SUPPORT THIS INDEPENDENT JOURNALISM
The article you’re about to read is from our reporters doing their important work — investigating, researching, and writing their stories. We want to provide informative and inspirational stories that connect you to the people, issues and opportunities within our community. Journalism requires lots of resources. Today, our business model has been interrupted by the pandemic; the vast majority of our advertisers’ businesses have been impacted. That’s why The Capistrano Dispatch is now turning to you for financial support. Learn more about our new Insider’s program here. Thank you.
By Collin Breaux | Twitter: @collin_breaux
COVID-19 vaccine centers could be coming at to-be-determined sites within the Capistrano Unified School District as the Board of Trustees on Wednesday, Sept. 15, approved plans to allow such uses.
The board voted, 5-2, on the measure, with Board President Judy Bullockus and Trustee Lisa Davis voting no. Trustees Krista Castellanos, Gila Jones, Pamela Braunstein, Amy Hanacek, and Martha McNicholas voted yes on the proposal.
The sites have not yet been set, and CUSD staff and the County of Orange will work to determine exact locations. The space would be donated to the County of Orange at no cost, an agenda report said. Any established site would be for voluntary vaccinations.
The vaccinations would be administered by state or county employees, and/or their vendors or service providers.
“The COVID-19 vaccines will occur on selected weekdays excluding County and national holidays and will take place after school hours,” an agenda report said.
Vaccinations are not mandatory for CUSD students or district staff, though the state is requiring all public school employees either be fully vaccinated or undergo regular tests to show they are not positive for COVID-19.
Trustees in favor of establishing vaccination sites said the measure is not so much for students, but more so for parents who do not have transportation to get to other vaccination sites—and who also may feel uncomfortable when being asked about insurance and citizenship status at other sites.
“Schools are trusted organizations. Everyone knows about schools. Parents are comfortable going to schools,” Jones said. “I think there are many parts of this district where there may not be much demand for vaccination sites at schools, but there are parts of the district where there are many families where maybe no one drives or maybe one person drives. To have a place that is (within) walking distance of homes is an advantage of families.”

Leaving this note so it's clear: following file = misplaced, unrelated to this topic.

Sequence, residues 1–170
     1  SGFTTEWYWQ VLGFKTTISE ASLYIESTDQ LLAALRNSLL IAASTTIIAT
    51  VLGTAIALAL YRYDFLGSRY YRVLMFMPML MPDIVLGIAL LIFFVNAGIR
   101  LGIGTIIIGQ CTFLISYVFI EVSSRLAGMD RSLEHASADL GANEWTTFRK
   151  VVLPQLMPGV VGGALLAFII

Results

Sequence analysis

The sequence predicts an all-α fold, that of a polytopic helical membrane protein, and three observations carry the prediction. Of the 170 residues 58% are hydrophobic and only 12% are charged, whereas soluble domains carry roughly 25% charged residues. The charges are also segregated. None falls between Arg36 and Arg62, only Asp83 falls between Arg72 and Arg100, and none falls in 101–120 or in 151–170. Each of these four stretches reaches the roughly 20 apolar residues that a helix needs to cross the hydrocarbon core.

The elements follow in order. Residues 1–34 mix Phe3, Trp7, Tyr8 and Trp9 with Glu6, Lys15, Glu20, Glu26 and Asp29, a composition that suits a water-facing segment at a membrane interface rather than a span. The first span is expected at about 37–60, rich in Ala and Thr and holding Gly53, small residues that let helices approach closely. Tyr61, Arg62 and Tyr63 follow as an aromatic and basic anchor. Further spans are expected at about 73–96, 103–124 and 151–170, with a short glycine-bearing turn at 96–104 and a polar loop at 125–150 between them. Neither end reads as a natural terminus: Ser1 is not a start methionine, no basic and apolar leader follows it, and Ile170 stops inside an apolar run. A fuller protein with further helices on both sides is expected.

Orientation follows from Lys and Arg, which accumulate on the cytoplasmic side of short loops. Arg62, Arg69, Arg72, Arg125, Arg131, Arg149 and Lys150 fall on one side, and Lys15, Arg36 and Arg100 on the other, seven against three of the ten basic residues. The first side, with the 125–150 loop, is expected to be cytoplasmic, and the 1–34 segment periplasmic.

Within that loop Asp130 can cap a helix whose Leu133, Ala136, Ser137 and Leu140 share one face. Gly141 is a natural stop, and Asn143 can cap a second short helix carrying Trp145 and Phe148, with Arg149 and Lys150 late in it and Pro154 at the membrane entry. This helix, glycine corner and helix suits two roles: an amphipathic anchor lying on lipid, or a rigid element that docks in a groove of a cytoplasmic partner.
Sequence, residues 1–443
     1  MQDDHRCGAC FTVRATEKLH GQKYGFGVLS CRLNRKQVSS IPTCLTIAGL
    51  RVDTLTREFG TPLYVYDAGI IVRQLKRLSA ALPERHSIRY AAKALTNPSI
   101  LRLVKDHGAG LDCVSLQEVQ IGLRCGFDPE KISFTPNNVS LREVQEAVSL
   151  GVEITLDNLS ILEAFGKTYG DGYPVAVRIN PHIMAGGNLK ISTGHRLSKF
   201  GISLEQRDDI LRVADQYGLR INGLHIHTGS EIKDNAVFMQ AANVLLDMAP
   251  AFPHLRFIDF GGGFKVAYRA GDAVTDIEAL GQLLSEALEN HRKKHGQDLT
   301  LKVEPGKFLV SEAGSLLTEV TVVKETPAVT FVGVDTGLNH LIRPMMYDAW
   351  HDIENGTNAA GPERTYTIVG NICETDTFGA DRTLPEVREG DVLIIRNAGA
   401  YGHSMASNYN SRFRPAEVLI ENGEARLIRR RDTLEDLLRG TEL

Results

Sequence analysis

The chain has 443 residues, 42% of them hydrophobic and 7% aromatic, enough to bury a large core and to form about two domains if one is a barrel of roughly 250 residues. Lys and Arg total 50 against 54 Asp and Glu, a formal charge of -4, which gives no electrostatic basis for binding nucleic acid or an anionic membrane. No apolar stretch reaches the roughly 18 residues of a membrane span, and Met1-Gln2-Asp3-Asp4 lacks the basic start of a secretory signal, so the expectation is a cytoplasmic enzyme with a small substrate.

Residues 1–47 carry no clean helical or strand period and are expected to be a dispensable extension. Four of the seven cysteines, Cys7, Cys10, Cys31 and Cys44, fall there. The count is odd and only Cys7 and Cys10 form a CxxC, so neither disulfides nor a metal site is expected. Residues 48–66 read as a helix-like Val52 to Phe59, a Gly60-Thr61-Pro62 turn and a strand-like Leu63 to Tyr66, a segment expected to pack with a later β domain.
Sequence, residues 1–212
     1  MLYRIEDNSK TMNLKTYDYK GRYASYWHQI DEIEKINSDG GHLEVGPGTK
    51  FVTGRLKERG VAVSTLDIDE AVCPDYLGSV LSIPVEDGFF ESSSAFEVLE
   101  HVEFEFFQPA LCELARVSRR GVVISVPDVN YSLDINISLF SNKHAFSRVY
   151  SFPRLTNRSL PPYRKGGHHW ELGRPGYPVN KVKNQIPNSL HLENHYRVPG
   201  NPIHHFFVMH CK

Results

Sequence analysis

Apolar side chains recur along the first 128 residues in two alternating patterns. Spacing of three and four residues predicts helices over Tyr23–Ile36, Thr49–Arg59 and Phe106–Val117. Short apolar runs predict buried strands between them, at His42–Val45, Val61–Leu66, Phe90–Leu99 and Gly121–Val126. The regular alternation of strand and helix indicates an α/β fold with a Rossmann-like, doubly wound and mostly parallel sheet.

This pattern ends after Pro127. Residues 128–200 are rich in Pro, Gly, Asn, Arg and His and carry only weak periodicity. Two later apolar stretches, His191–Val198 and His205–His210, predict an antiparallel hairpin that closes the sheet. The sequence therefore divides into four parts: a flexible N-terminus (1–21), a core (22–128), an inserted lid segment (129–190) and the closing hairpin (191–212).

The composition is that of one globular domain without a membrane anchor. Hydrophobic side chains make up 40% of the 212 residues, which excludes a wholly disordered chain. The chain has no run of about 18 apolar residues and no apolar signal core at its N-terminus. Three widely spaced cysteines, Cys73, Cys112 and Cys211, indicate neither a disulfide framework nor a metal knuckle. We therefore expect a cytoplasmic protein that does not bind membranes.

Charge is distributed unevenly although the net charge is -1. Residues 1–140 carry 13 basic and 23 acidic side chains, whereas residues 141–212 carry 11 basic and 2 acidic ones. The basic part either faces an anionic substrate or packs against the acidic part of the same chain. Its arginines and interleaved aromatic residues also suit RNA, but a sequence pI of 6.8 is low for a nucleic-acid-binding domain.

Jones further said non-English speaking parents also tend to know someone at their school who speaks Spanish, which isn’t always available at a pharmacy or other vaccination sites.
Bullockus said she is “appalled” at the population that disregards breakthrough cases in vaccinated people, and called the push for vaccinations political. Children have been bullied for not being vaccinated, she said.
“It’s all on conservative social media, but there is example after example—and I have my own personal ones of friends I know,” Bullockus said. “These aren’t made up. I have to say, I know what I am getting as an adult not being vaccinated. I’m not vaccinated.”
Health experts have generally said vaccines are safe, people are less likely to contract COVID-19 after being vaccinated, and unvaccinated people are at higher risk for contracting the virus.
Numerous parents at the meeting spoke against the district allowing a vaccination site because of concerns about the safety of vaccines and individual freedom. The parents also again spoke against mask requirements for students.
In other news from the meeting, district staff presented a quarterly report on implementing aspects of CUSD’s Cultural Proficiency Plan, which the Board of Trustees approved in December. Measures under the plan include staff undergoing implicit bias training, ordering curriculum novels that represent diverse authors, opening College and Career Centers at schools, and facilitating an executive director position to oversee cultural proficiency, equity, access and social emotional learning.
Some parents have said the Cultural Proficiency Plan amounts to CUSD teaching critical race theory, a claim denied by Superintendent Kirsten Vital Brulte and district staff.
Collin Breaux covers San Juan Capistrano and other South Orange County news as the City Editor for The Capistrano Dispatch. Before moving to California, he covered Hurricane Michael, politics and education in Panama City, Florida. He can be reached by email at email@example.com.